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‘The Green Knight’ crew reveal how they brought the lavish fantasy to life

The Green Knight cinematographer Andrew Droz Palermo talks about the process behind bringing the acclaimed fantasy film to life.
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As one of the most well-received films of 2021, not to mention one of the best adaptations of Arthurian lore, The Green Knight went down as an instant cult classic, with the creatives behind the latest A24 film now revealing the process of bringing Camelot and its surrounding lands to life.

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Speaking to The Hollywood Reporter, production designer Jade Healy and cinematographer Andrew Droz Palermo, the latter of whom some of you may know from his 2017 collaboration with The Green Knight director David Lowery on acclaimed existential supernatural drama A Ghost Story.

On how he and Lowery managed to develop a modern-looking film so overtly artistic in nature, the cinematographer gave an interesting answer.

“Initially David pitched the movie as an epic journey, but he also wanted it to be as artistic and as personal as [A Ghost Story]. That kind of pushed the camera language to really wide-angle lenses, really feeling these vast landscapes, but not being afraid to get very close to our subjects with these wide-angle lenses so that they feel large and dynamic within a frame. But it was important for us, for his journey, that we don’t lose the sense of the environment.”

As for the composition of all those scenes, Palermo says that he took inspiration from the paintings of Caspar David Friedrich, and movies like Frantisek Vlácil’s Valley of the Bees.

“As far as color, we both really wanted to make a very modern film, and for it to have some snap and some pop to it. We were both fearful to go down the path that so many have gone down before us, where these films can be really kind of grainy and gritty and desaturated. I think that look can be great, but it’s just not something that interested us for this piece, and we wanted to be more expressive with our color.”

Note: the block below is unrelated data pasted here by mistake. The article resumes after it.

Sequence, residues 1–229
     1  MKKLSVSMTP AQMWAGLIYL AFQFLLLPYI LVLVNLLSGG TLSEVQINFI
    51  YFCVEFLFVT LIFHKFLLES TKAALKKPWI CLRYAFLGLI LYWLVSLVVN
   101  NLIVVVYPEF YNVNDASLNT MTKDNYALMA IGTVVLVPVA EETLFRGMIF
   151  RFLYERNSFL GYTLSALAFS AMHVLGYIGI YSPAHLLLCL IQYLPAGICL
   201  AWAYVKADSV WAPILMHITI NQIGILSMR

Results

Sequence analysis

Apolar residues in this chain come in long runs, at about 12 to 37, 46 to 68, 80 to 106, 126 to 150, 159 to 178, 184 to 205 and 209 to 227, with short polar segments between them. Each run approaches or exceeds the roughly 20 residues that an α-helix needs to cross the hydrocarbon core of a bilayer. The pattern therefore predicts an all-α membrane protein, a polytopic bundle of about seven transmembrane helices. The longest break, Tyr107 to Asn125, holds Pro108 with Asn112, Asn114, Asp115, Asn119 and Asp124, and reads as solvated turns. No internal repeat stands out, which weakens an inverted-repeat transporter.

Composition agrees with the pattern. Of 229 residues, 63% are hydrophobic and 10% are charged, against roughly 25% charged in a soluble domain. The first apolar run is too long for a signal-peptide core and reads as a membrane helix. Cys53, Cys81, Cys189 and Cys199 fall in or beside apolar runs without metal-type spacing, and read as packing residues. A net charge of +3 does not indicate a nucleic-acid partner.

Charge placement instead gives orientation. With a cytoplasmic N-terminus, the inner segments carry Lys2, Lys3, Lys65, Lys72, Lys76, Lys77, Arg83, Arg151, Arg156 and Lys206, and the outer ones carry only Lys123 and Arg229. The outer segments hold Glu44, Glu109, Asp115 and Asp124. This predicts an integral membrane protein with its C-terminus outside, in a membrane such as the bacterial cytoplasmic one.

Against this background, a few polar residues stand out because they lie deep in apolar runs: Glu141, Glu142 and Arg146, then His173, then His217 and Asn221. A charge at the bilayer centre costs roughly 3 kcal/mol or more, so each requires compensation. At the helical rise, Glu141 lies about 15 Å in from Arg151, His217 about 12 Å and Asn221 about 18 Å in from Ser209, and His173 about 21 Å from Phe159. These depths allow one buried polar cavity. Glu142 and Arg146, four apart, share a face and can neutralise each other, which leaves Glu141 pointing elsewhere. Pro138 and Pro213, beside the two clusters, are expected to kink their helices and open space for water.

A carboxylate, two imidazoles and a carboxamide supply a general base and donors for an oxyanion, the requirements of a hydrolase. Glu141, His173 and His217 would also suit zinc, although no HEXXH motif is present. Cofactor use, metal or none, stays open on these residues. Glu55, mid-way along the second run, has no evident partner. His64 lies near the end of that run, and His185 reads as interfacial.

the green knight
Image via A24

Palermo went on to discuss his favorite scene in the entire film; namely, the montage at the end when the Green Knight sees his entire existence play out in his mind in a manner of minutes. “There’s 20 years flashing before [Gawain’s] eyes — something like 10 shots or 15 shots, and how much of that is done wordlessly. I feel so proud that the imagery tells the story so well”.

The Green Knight also made it to WGTC’s best films of 2021 list, so if you haven’t had the chance to watch the fantasy film, you should try and rectify that as soon as possible.

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Jonathan Wright
Jonathan is a religious consumer of movies, TV shows, video games, and speculative fiction. And when he isn't doing that, he likes to write about them. He can get particularly worked up when talking about 'The Lord of the Rings' or 'A Song of Ice and Fire' or any work of high fantasy, come to think of it.